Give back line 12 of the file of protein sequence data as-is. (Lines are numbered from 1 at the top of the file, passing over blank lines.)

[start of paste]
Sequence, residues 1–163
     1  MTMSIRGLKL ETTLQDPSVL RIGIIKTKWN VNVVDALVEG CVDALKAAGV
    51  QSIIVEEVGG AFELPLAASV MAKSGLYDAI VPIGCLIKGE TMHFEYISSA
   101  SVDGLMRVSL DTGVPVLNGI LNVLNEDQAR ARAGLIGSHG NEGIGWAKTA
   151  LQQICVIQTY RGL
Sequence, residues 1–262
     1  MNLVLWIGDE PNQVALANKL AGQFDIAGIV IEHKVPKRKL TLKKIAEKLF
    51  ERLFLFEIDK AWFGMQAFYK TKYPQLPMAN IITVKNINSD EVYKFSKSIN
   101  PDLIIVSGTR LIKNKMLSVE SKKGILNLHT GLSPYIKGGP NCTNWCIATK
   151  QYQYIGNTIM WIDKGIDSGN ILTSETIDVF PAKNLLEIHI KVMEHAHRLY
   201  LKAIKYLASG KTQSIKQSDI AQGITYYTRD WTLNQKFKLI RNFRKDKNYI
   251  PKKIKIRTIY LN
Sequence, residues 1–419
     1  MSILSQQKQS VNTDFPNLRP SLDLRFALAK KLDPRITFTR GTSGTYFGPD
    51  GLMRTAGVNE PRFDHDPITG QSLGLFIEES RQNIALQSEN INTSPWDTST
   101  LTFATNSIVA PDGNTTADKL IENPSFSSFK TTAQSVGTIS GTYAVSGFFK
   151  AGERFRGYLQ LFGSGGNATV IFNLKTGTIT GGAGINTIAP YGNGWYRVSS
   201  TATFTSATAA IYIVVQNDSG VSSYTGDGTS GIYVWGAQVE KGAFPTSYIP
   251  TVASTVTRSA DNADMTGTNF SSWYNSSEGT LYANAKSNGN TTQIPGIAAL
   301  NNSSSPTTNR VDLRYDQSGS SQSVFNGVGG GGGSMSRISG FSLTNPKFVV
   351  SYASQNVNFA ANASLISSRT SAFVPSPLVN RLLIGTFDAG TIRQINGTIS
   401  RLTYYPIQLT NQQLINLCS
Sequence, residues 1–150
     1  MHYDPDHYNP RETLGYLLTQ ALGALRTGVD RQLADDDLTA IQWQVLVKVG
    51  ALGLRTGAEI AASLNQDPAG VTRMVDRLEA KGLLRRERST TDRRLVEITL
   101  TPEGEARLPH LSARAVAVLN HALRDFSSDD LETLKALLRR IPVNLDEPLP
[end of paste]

   251  PKKIKIRTIY LN